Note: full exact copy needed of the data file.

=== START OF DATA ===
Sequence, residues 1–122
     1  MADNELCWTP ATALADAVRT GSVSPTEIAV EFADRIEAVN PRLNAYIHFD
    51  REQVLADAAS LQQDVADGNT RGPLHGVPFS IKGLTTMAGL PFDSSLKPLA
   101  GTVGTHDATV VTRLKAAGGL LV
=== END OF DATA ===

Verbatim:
Sequence, residues 1–122
     1  MADNELCWTP ATALADAVRT GSVSPTEIAV EFADRIEAVN PRLNAYIHFD
    51  REQVLADAAS LQQDVADGNT RGPLHGVPFS IKGLTTMAGL PFDSSLKPLA
   101  GTVGTHDATV VTRLKAAGGL LV